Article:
Recently, Billie Eilish, talked on the Howard Stern show about her negative experiences with pornography. The 19-year-old singer of Bad Guy said she was first exposed to pornography at age 11, and that it “destroyed [her] brain.” She said the violent and abusive porn she watched gave her night terrors, and that when she became sexually active, she didn’t say no to things that she really didn’t want to do because “I thought that’s what I was supposed to be attracted to.”
When I read Eilish’s words, I felt sad. Sad for what she’s been through. Sad because of how violent, racist, and misogynistic mainstream pornography has become. And sad because she’s far from the only young woman (or man) who has suffered because of porn.
But I felt sad for another reason, too. Eilish seems to blame herself for what happened to her at 11. She said in the interview, “I’m so angry at myself for thinking that [pornography] was okay.”
I don’t know how she was exposed at such an early age, but one thing is for sure: It wasn’t her fault.
She was 11.
E. le. ven.
If Eilish had said that her uncle showed her porn, I hope there would have been more of an outcry. I hope people would have recognized it as a form of sexual abuse. Instead, headlines from NBC News, People, The Guardian, ET Online, and others read that she “started watching porn” at 11.
Granted, porn is easy to access, and she could have been exposed by a classmate or stumbled across it on her own. But when an 11-year-old kid gets ahold of a parent’s gun and it goes off, hurting herself or someone else, no one says, “Katie started shooting people at 11.”
Instead, we say, “Where were the parents? Why weren’t the guns locked up? Why didn’t someone teach her gun safety? That poor kid!”
I’m not pointing fingers here. There are plenty of fantastic, highly-engaged moms and dads whose kids have stumbled upon pornography and ended up using it despite parents’ best efforts. Even so, 21st century parents do need to recognize that porn is a weapon that can harm their kids, and digital devices can access it more easily than pulling a trigger on a gun. (If you’re a mom or dad, please do your kids a favor and pick up a copy of my new book. You’ll find it extremely helpful.)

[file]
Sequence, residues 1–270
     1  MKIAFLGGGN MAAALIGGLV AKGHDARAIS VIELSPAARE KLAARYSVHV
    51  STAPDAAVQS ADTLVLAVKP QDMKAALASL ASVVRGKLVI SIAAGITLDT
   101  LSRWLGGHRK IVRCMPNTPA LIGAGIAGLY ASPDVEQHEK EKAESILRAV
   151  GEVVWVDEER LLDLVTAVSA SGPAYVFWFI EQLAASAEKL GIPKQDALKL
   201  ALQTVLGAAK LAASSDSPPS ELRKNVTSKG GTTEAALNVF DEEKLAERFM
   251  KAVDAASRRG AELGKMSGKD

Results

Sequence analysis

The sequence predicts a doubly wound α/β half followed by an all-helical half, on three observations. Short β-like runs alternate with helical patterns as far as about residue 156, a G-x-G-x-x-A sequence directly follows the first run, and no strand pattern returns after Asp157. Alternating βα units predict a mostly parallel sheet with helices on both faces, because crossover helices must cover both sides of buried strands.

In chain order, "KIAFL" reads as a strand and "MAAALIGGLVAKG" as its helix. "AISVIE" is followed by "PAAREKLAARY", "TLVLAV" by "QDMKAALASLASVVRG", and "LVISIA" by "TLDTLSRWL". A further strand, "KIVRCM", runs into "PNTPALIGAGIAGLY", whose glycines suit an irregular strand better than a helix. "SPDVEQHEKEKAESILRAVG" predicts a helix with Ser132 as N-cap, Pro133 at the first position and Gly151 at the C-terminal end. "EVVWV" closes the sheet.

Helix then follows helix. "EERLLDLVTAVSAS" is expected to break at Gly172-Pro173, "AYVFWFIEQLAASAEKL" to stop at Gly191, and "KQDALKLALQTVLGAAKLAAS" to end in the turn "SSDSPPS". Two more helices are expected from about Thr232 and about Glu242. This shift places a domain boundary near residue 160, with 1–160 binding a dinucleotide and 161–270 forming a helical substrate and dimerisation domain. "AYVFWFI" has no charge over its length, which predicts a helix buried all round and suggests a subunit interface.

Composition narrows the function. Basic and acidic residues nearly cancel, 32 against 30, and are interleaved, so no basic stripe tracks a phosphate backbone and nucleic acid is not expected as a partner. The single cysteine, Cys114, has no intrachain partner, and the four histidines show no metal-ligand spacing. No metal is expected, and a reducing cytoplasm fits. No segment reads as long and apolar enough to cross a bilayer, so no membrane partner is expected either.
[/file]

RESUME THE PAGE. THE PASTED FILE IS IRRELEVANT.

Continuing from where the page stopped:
But my main point is this: If you discovered, stumbled across, or found pornography when you were a kid, stop blaming yourself. When a kid gains access to pornography and then blames him or herself, it is misplaced blame and it creates additional harm.
It doesn’t matter if you were nosing around in the boxes in the basement, watching cable when you were supposed to be in bed, or typed the words into the search engine yourself. And it doesn’t matter that you kept going back to it.
It wasn’t your fault.
As long as you keep blaming yourself for the porn you were exposed to as a kid, you’ll still be carrying the shame of a faulty view of yourself. And shame drives unwanted behavior.
So take another look at the when pornography started for you. Did you really go looking for it all on your own, or…
- Did you stumble upon it innocently?
- Did someone else show it to you?
- Was it in plain sight for you to see?
- Were you left somewhere where porn could be found?
- Did someone send it to you?
- Did someone give you a device on which you could access porn?
- Did you have clues you’d find porn where you did, and if so, what were those clues and who left them?
Billie Eilish, you didn’t “start watching porn” at 11. Someone either exposed you to it or let you be exposed to it, and that kind of burden is too much for any 11-year-old. You shouldn’t have had to bear it, and I’m sad you did.
Jesus, we know we need to own our sin, but please lift from us any responsibility we’ve been carrying from childhood that isn’t ours to carry.
Leave a comment: Do you agree or disagree that early exposure to pornography is not a child’s fault? If you were exposed as a kid, how does this post change how you feel about your story?
If you would like to hear more on the topic of Pornography please check out this weeks Becoming Whole Podcast, Was Porn Your Teacher?